It is at this point that Jesus identifies himself with the Good Shepherd. Jesus offers His listeners several characteristics of the Good Shepherd that they will find in Him:
· Jesus says that he is the gate by which the sheep enter the sheepfold. (John 10:7-9). Those who enter through this gate will be healed and restored to abundant life, for Jesus says, “I came that they may have life, and have it abundantly.” (John 10:10).
· Jesus says that his sheep know him. The true shepherd knows his sheep by name; he calls them and leads them. They will follow him, but they won’t follow the imposter, the stranger, because they don’t know the voice of the stranger. (John 10:4-5, 14).
· Jesus says that he is not like the hired hand who runs away; He is the One who lays down his life for His sheep. (John 10:15).
Jesus’ description of the Good Shepherd brings to mind the words of the Prophet Isaiah that we hear during the Season of Advent, which promise that God “will feed his flock like a shepherd; he will gather the lambs in his arms and carry them in his bosom, and gently lead the mother sheep.” (Isaiah 34:11).
How did the religious leaders react to all of this? Some said that Jesus was possessed by a demon and was out of his mind. (John 10:20). But others wondered at His words. “These are not the words of one who has a demon. Can a demon open the eyes of the blind?” (John 10:21).
Jesus said “I am the Good Shepherd” in the middle of a heated discussion about blindness—both physical and spiritual. The spiritual leaders, who should have been able to see who Jesus was, were not up to the task. In their blindness, they couldn’t see who Jesus was. They couldn’t see that Jesus, the Good Shepherd, not only would restore sight to the blind beggar on the street; Jesus also would restore their own sight if they asked. They couldn’t see that Jesus not only would lay down his life for the poor and the oppressed; Jesus would lay down his life for them too.
How do you react to Jesus when He says that He is the Good Shepherd? How do you react when you see Jesus breaking the rules to restore sight on the Sabbath? How do you react when you hear Jesus speak with a tax collector or a woman with a bad reputation? How do you react when Jesus sits at table with sinners? Do you join in rejoicing because the lost has now been found, or do you find fault?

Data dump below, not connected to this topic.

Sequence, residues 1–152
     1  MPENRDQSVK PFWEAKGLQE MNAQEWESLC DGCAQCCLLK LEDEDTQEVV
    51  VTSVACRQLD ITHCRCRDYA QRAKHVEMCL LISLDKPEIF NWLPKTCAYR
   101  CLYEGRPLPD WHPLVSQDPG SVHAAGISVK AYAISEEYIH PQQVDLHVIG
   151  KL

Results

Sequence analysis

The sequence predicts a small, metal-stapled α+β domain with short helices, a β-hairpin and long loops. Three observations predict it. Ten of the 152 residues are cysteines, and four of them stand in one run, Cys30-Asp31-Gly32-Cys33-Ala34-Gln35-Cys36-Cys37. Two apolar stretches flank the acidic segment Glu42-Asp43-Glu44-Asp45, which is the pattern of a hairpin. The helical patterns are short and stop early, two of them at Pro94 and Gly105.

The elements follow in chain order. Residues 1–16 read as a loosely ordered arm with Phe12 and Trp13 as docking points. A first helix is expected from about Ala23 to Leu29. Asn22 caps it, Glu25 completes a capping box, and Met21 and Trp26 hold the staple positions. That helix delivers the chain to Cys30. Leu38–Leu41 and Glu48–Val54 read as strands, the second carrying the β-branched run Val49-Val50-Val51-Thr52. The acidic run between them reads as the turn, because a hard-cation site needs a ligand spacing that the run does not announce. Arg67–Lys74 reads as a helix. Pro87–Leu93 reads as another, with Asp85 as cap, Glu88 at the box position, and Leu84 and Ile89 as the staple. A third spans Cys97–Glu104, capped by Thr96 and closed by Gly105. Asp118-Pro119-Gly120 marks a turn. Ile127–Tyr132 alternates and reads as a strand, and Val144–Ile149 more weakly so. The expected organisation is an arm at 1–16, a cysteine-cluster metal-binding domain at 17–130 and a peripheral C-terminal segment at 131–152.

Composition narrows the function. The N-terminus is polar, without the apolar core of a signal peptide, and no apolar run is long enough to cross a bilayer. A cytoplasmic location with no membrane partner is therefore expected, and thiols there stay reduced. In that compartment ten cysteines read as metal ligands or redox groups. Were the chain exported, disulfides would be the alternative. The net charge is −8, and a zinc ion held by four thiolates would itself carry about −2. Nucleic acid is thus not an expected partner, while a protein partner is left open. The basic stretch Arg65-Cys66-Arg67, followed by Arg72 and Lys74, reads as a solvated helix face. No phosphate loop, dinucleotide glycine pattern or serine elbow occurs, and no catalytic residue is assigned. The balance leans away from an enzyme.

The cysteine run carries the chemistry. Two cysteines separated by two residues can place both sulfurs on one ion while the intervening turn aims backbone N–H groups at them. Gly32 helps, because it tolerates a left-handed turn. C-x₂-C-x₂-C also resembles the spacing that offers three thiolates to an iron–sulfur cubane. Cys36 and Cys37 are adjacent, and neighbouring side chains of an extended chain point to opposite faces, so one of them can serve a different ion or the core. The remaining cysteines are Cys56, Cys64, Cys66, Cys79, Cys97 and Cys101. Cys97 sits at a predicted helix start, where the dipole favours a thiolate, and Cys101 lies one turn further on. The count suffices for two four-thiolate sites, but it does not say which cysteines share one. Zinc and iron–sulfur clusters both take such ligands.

“I am the Good Shepherd. I know my own and my own know me, just as the Father knows me and I know the Father. And I lay down my life for the sheep.” (John 10:14). This shepherding business is not all still waters and green pastures. It also means taking the sheep through the Valley of the Shadow. It also means laying down your life for your sheep.
It is that way for us, too. Jesus sends us to love just as He loved. As our reading from 1 John shows, love is more that words; love reveals itself in deeds. Jesus “laid down his life for us—and we ought to lay down our lives for one another.” (1 John 3:16). “[Let] us love, not in word or speech, but in truth and action.” (1 John 3:18). We are supposed to love like that.
During these Fifty Days of Easter, we have spent the first few weeks recalling the historical events recorded in the Gospels—events that describe the Resurrection. Now, we broaden our focus to the even larger picture and ask, in light of these events, who is Jesus for you? Who is your shepherd? Who are you following today?
For Jesus to be your shepherd, you don’t have to understand the theology of atonement. You don’t have to solve the mysteries of creation. You don’t have to figure out the secrets of miracles. You simply listen for the voice of the shepherd, and then follow Him. You simply need to turn around, to change direction, and to follow the Shepherd in His way of living and His way of loving.
The Shepherd is looking for you today. Will you follow?
 Preached at Cunningham United Methodist Church in Palmyra, Virginia on the Fourth Sunday of Easter.